How to Meditate and Win (Joke)
I thought maybe I didn’t need to meditate any longer. I mean, could watering the garden every morning at 5:30 count? Contemplating life on my porch-swing evenings at dusk with my twenty-four year old cat has to render its own magic, right? Or what about reading ecstatic poetry as though it were my job? I used to meditate to tune into the collective frequency so I would give my students a better Bowspring class and since I am no longer teaching…
It was not a question of discipline. I have that. It was not even lack of desire. I have loved meditating for many years now. Recently I viewed my stats on the timer app I use. I have logged over 400 hours and only since I began using this particular app. Can you imagine? 400 hours sitting? I can’t.
I purposely avoided my cushion for thirty days to see if I noticed any difference and the answer arrived on Day 31. I cannot go without meditation! It has become more important than breakfast, than Tulsi tea with steamed goat milk, than exercise. See, suddenly I noticed “noise” in my head, a continual stream of circumstances, real and imagined, conversations from the past or projected into the future—a cerebral fullness that became uncomfortable and not easily purged. It felt like I had been reading Facebook posts for days on end, scrolling, scrolling, filling my head with the seemingly essential, and trivial alike. To empty my mind required three days sitting for thirty minutes—sometimes twice. When the stillness finally emerged, I wept. What a simple solution, really. I wanted to squeeze (they probably would not appreciate my gesture) those early practitioners of this natural art, for their insights. Meditation is not contemplation; is not chanting; is not praying, though there are elements of each contained within. For me it is a gentle reprieve from the forces of the world and those of us more sensitive to the currents, need it like we need breath.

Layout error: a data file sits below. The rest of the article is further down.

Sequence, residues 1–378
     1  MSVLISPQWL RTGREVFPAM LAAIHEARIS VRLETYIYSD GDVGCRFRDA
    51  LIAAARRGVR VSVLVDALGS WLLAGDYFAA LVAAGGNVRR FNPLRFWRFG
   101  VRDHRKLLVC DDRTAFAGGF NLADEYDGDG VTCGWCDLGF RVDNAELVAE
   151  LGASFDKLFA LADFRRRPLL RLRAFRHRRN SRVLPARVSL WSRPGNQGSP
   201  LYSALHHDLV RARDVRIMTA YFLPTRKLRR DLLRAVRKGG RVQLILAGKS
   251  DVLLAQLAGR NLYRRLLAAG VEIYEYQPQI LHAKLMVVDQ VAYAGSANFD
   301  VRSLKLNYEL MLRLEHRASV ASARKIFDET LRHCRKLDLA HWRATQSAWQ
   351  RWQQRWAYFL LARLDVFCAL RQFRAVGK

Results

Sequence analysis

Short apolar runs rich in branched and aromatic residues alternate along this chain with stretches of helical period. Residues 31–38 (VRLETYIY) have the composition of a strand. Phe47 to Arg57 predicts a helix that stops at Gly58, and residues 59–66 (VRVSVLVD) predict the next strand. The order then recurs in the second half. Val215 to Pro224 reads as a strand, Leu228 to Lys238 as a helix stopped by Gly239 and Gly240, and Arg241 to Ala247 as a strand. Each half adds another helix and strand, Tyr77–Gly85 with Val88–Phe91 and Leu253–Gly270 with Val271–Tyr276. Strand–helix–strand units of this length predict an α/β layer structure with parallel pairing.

I am grateful to be reacquainted with my practice after such respite. I thought I would share with you a few pointers that have worked for me. When I began the practice I was not a natural meditator. It was torture to keep my eyes closed for so long. I still fidget. Who cares?
Set the timer. I like 21 or 23 minutes. Don’t ask. Choose yours.
I sit on a cushion and try to find a comfortable posture for my pelvis/hips, then close my eyes and take a deep conscious breath in and out.
I ask three questions: Who am I? What do I want? What does the world need of me? After each I contemplate the briefest answer, the most true in that moment.
I begin silently chanting my mantra.
I go in and out of being aware, being present, being in my body.
I lose the mantra at times. I even lose the breath. I sometimes continue beyond the timer.
Just yesterday I added a new dimension to the end of my practice. I say sweet things about the people in my life, those who come immediately to mind, like blessings, I suppose. It feels so right somehow, and because I spend so much time alone it becomes my way of staying connected.
Try any of it. It will change your life, so beware. Often there is no other place on this earth I would rather be than in meditation; the silence the only salve for the fissures in my heart.
The Ayurvedic Cleanse starts October 1 at Vital. Join us!
My Astrology rates will increase September 1, 2016 so schedule a reading soon!
I will change out all the poetry on my website September 1, as well.
Thank you for reading.
Here’s a poem about the practice I mentioned above:
To be prayed for, to have a candle lit in the dark
with your name in the flame,
to be seen in the night by another’s heart eye.
Is there anything more to do?
Any more emollient light-salve for the aching essence
we all share?
In that concentrated plea, all become one,
the praying, the prayer, the one who prays,
and the one for whom we pray.
The weave of connection tightens into
No matter what happens,
your name has been mixed with heart sap and wax.
No matter what happens,
you have been held.